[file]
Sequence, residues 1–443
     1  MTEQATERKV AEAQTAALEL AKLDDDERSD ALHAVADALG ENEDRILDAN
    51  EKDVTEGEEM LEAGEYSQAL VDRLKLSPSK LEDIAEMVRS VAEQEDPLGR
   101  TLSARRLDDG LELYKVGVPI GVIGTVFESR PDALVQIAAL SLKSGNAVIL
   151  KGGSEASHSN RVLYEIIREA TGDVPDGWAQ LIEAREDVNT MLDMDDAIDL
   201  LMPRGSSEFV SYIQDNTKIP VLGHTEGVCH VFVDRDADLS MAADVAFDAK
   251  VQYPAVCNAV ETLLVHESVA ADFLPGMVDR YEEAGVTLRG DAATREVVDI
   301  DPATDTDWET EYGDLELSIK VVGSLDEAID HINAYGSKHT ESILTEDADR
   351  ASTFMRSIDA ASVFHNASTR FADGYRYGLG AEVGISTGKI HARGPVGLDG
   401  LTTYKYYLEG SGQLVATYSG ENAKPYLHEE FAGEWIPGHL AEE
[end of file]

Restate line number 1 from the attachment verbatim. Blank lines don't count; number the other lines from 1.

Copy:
Sequence, residues 1–443